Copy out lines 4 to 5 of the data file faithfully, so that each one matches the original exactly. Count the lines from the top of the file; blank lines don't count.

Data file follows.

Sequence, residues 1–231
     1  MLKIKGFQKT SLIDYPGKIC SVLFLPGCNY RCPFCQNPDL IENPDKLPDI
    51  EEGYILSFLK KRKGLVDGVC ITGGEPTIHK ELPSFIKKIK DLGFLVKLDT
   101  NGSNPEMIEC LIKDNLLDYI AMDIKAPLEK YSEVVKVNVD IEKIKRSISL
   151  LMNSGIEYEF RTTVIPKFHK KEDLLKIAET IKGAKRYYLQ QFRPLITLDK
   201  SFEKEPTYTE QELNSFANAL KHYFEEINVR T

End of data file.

   101  NGSNPEMIEC LIKDNLLDYI AMDIKAPLEK YSEVVKVNVD IEKIKRSISL
   151  LMNSGIEYEF RTTVIPKFHK KEDLLKIAET IKGAKRYYLQ QFRPLITLDK